Late yesterday, Kazakhstan's Justice Ministry registered the Democratic Choice of Kazakhstan (DVK) party. DVK is the 10th political party to be registered ahead of the country's October parliamentary elections, but only one of a few representing the political opposition. RFE/RL looks at the newly registered party, its goals, and its chances in the autumn vote.
Prague, 5 May 2004 (RFE/RL) -- Talgat Manaev, the deputy chairman of the Kazakh Justice Ministry's party-registration committee, confirmed the Democratic Choice of Kazakhstan (DVK) party had been formally registered.
"I gave the certificate of registration to [one of the DVK leaders,] Zauresh Battalova. The party has fulfilled all its registration requirements. We found no serious problems with the party's registration documents," Manaev said.
Battalova confirmed the party had been registered. "As of today, Kazakhstan has one more registered political party, the 10th party, and a party for the people: the Democratic Choice of Kazakhstan party. I received the registration documents from the Justice Ministry," she said.
Registration didn't come easily for the DVK. Founded in 2001 by a small group of lawmakers and former government officials, the group -- which has shed unwelcome attention on state corruption scandals -- has long aimed at winning official party status.
Just months after its creation, DVK was already coming in direct conflict with central authorities. Two of its leaders -- former regional Governor Ghalymzhan Zhiqiyanov, and former Energy Minister Mukhtar Abliyazov -- were jailed on criminal charges. A third, Uraz Jondosov, left the movement soon afterward and formed a less controversial party, Ak Zhol.
Stripped of its leadership, DVK seemed in danger of fading away. It did not even attempt to register with the Justice Ministry after a July 2002 change in election law requiring the reregistration of all political parties and movements. But by February this year, the movement had regained its momentum, holding a founding congress and announcing its intention to become a party.
In line with the country's new political-party law, the DVK gathered well over the 50,000 member signatures needed for party registration. But pro-government media soon began to question whether the signatures were legitimate, suggesting the DVK had used the names of minors and the deceased in order to boost its membership.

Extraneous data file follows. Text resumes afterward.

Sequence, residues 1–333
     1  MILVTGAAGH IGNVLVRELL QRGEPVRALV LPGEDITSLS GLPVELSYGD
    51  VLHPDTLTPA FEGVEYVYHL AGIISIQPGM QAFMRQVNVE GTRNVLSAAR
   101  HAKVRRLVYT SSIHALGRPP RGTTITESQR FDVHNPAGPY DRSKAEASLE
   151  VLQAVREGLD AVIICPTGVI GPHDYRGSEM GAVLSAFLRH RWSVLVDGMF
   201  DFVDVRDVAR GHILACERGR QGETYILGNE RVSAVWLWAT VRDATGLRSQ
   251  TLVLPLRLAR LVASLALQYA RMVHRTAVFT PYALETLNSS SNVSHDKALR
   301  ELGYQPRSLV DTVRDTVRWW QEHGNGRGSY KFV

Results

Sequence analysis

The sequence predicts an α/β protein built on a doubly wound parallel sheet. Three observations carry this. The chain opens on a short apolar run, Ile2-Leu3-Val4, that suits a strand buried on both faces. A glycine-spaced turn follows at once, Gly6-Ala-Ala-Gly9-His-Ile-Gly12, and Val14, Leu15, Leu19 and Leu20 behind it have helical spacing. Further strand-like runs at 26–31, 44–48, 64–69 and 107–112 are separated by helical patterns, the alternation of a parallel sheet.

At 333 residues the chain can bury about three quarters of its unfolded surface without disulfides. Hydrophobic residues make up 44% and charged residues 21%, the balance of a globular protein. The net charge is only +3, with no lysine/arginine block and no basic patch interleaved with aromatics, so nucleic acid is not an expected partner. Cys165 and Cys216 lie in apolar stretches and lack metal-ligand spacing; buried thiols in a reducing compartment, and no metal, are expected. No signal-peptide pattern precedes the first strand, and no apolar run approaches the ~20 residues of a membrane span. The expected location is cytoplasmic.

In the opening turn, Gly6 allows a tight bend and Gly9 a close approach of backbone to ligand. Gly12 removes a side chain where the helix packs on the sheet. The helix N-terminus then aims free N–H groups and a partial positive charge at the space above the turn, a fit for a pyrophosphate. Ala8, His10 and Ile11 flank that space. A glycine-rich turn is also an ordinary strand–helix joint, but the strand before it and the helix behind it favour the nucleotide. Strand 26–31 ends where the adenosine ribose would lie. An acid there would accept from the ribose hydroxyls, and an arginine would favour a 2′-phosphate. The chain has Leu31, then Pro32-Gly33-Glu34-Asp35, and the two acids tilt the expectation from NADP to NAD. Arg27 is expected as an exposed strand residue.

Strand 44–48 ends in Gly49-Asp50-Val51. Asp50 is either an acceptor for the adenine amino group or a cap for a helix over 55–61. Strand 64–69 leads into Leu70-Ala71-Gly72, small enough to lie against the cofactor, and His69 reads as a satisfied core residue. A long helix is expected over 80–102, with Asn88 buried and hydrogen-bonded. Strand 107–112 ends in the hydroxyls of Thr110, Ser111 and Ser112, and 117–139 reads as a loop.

The outlook grew even more grim amid claims that DVK members were being targeted for harassment. Batyrkhan Darimbet, a member of the DVK's political council, last week described the pressure being applied against party members in Kazakhstan's southwestern Mangystau Oblast.
"I just came from Mangystau Oblast on [26 April]. What I learned, what I saw there, is that local authorities are putting pressure on members of our party. I was in several towns. It's the same in all of them. About 10 or 15 days ago, representatives of regional akimiyats [administrative leaders] came to [the DVK members] and warned them they would have problems if they continue, as these representatives put it, 'being members of an anti-[President Nursultan ]Nazarbaev party.' They even threatened [the DVK members], saying they could be convicted as enemies of the nation. And there are many people who were frightened and left the party," Darimbet said.
The DVK says it has 78,000 members, making it one of the smallest registered parties.
Of the other nine official parties, only the Communists have a platform distinct from that of the current government. Unlike the Communists, however, the DVK -- whose founding leadership included a number of entrepreneurs -- is adopting a socially liberal, pro-business stance.
By registering, the DVK has cleared one significant hurdle. But with five months remaining until the elections, there is ample opportunity for the party to meet with further resistance.
(Sultan Khan Zhussip of RFE/RL's Kazakh Service contributed to this report.)